South Florida Gas Prices Likely to Spike from Hurricane Harvey

Texas Oil pumps

As a result of the impact from the massive storm known as Hurricane Harvey, gas prices around South Florida are expected to climb.

The Texas coastline and gulf are suffering a lashing from Hurricane Harvey. Once classified as intense as a category 4 hurricane, Harvey is currently swirling as a category 1 storm over southeast Texas.

Forecasters are predicting the extremely wet system could dump 30 inches of rain by Wednesday, with some areas seeing as many as 40 inches. Coastal flooding in places such as Matagorda Island and Port O’Connor, are likely experience storm surges of 6-12 feet.

By 3:30 a.m. today, the Electric Reliability Council of Texas reported that at least 211,000 residents along the Texas Gulf Coast are without electricity. Along with no refrigeration, that translates into no air-conditioning in the August heat.

Due to the destructive storm, the U.S. Bureau of Safety and Environmental Enforcement reports that 39 natural gas platforms were evacuated. About 10% of the nation’s oil production was suspended.

The U.S. Energy Information Administration places Florida among the five largest energy-consuming states. The majority of the state’s gasoline supply comes from Gulf Coast refineries and utilizes waterborne cargo transport and tanker trucks for distribution.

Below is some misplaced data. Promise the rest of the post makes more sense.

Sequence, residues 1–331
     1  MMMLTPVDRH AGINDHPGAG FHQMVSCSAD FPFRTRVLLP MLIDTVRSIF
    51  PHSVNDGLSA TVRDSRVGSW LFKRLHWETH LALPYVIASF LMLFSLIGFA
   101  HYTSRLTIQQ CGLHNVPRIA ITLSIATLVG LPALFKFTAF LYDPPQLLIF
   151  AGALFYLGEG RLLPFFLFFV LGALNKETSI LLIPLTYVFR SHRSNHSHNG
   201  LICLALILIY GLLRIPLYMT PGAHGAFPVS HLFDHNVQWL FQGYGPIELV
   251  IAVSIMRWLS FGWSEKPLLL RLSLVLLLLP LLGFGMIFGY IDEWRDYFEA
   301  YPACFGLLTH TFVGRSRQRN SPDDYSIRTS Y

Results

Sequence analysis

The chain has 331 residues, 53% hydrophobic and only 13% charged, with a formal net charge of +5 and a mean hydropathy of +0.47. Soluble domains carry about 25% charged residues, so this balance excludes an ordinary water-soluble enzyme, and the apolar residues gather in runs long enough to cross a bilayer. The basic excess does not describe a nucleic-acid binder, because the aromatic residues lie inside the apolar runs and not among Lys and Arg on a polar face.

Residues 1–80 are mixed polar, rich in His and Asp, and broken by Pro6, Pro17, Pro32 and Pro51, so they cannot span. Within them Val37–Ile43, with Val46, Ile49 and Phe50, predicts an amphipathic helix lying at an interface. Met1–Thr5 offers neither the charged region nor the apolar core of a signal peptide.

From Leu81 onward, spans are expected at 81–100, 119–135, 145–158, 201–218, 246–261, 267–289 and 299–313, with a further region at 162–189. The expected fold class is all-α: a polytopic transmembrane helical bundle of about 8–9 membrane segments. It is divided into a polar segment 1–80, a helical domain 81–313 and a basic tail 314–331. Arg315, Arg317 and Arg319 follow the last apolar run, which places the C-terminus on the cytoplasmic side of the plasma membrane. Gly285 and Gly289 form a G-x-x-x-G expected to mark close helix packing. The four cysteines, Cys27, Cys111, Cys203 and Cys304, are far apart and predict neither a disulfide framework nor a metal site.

Experts report that Floridians as a whole could see a 5-to-15-cent price increase per gallon. But if Harvey causes damage to a refinery, a 25-cent jump would be expected. While the prices will most likely climb, it is not thought to cause issues as severe as consumers saw during Hurricane Katrina, when gas prices soared 40-cents per gallon overnight.

AAA had recently warned Floridians of a steady increase, which the state has seen at the August pumps. Prices throughout the state in the later half of August ranged from $2.47 to $2.13.

AAA and the Auto Club Group, said in a statement. “This storm could cause more refinery closures and prevent tankers from moving fuel in and out of Texas ports.”



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